27 September 2018

Exotic Flavor Adventures

When it comes to the Jungle Navigation Co. Ltd. Skipper Canteen, not everything tastes like chicken, which I am personally thankful for since today we’re reviewing a pair of desserts. What they like in chicken flavoring, however, they make up for in exclamation marks. No joke, the menu listing for these two sweet dishes include no less than four exclamation points, and that’s just in their names! So buckle up your taste buds for this tour of the Kungaloosh! and Quick Sand!!!

Let’s start with the Quick Sand!!! This dish is a jasmine rice pudding with a mango sauce, lemon curd, hibiscus meringue, and pineapple. It also comes adorned with a crispy cookie.

The rice pudding base of this dessert is not the typical mush you think of when you think of rice pudding. It was firm with a creamy texture, with pieces of rice that were definitely still present throughout each bite. It was sweet, but mildly so, allowing the other flavors on the plate to shine through. The bright flavors of the lemon and mango were accented by the underlying floral notes from the hibiscus meringue. This is a much more tropical feeling dessert than you would think first looking at it. The waffle cone-esque cookie perched atop the whole dessert was, again, not too sweet, but added that little bit of crunch that was wonderful and was perfect for scooping up loose bits of curd and pudding.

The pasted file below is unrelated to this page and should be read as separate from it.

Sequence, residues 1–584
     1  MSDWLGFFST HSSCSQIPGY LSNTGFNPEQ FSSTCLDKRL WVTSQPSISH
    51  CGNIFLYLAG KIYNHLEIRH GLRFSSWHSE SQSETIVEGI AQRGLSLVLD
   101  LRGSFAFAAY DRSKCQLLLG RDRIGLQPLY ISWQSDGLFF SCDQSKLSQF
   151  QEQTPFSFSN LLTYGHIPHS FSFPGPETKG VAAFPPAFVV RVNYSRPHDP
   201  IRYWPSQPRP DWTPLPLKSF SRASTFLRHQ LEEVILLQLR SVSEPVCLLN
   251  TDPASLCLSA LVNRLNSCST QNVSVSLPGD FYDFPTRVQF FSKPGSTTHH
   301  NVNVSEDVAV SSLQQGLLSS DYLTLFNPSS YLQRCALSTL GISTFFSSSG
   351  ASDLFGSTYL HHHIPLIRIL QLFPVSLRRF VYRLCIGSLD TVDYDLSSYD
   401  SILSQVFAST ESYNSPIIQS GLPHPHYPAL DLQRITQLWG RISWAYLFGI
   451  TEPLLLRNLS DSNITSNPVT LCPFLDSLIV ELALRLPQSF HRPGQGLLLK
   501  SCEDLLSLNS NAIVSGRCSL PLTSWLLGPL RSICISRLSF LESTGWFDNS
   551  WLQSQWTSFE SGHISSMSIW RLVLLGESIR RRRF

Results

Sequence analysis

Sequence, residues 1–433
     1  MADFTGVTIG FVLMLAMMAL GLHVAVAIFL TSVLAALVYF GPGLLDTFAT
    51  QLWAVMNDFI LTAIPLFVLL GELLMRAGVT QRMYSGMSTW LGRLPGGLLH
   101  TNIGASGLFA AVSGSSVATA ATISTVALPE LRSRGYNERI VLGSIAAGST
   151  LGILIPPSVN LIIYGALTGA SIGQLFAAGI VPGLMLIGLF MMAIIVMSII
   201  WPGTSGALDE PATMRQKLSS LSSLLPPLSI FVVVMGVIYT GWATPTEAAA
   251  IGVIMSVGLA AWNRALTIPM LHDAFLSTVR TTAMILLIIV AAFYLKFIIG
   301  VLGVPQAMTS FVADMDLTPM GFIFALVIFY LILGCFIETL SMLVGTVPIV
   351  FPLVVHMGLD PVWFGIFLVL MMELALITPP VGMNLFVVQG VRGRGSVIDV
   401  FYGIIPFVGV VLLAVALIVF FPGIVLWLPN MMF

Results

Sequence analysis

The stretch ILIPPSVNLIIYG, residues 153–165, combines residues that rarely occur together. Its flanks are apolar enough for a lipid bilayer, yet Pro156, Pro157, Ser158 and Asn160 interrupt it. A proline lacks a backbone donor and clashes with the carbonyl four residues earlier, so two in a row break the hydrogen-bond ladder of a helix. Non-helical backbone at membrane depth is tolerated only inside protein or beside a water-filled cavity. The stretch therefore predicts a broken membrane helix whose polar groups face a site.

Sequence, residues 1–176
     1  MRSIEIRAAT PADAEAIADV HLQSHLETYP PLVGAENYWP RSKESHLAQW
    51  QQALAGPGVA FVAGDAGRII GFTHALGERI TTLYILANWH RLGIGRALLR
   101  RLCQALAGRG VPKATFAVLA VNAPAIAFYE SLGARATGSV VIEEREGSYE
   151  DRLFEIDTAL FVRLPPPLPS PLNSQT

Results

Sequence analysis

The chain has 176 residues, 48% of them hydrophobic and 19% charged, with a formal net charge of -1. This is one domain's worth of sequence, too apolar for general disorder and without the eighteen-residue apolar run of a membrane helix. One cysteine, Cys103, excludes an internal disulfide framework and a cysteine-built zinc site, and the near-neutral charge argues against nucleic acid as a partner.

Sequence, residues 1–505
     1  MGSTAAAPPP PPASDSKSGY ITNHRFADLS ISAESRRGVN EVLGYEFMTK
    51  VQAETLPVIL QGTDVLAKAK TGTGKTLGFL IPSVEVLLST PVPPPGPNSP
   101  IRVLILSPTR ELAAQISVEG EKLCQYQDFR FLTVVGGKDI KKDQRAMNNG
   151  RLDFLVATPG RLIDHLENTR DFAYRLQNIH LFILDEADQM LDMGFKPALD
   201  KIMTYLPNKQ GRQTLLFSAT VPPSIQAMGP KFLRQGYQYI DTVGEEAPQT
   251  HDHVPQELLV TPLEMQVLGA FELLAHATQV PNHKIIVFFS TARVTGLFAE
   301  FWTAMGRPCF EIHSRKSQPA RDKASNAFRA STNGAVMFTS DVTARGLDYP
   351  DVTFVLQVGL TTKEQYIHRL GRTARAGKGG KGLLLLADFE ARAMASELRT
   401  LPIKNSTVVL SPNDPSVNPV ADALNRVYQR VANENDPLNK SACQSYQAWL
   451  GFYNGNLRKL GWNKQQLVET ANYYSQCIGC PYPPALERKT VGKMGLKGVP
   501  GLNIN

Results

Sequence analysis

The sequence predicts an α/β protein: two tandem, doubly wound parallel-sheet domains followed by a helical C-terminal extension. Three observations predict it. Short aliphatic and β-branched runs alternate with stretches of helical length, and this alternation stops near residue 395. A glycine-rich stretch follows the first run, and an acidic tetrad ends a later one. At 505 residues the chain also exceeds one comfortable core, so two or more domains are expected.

On to the Kungaloosh! While this dessert may only have one exclamation point in its name, which has a historical pedigree all to itself, it is no less exciting. This offering is an African-inspired chocolate cake that comes with caramelized bananas, cashew-caramel ice cream and is topped with coffee dust. Full disclosure, as I am not a coffee fan, I opt to have the coffee dust left off.

This cake was rich and dense and wonderful, think of it like the best brownie you’ve ever had and you’re getting close to the texture and richness of the dish. The nuttiness and sweetness in the ice cream brings out the best of the chocolate cake and the caramelized bananas are just, well, bananas! I mean that in the best way possible of course. For those of you who grew up on peanut butter and banana sandwiches, this dessert takes all the best of those memories and adds chocolate and ice cream to it. What more could you ask for!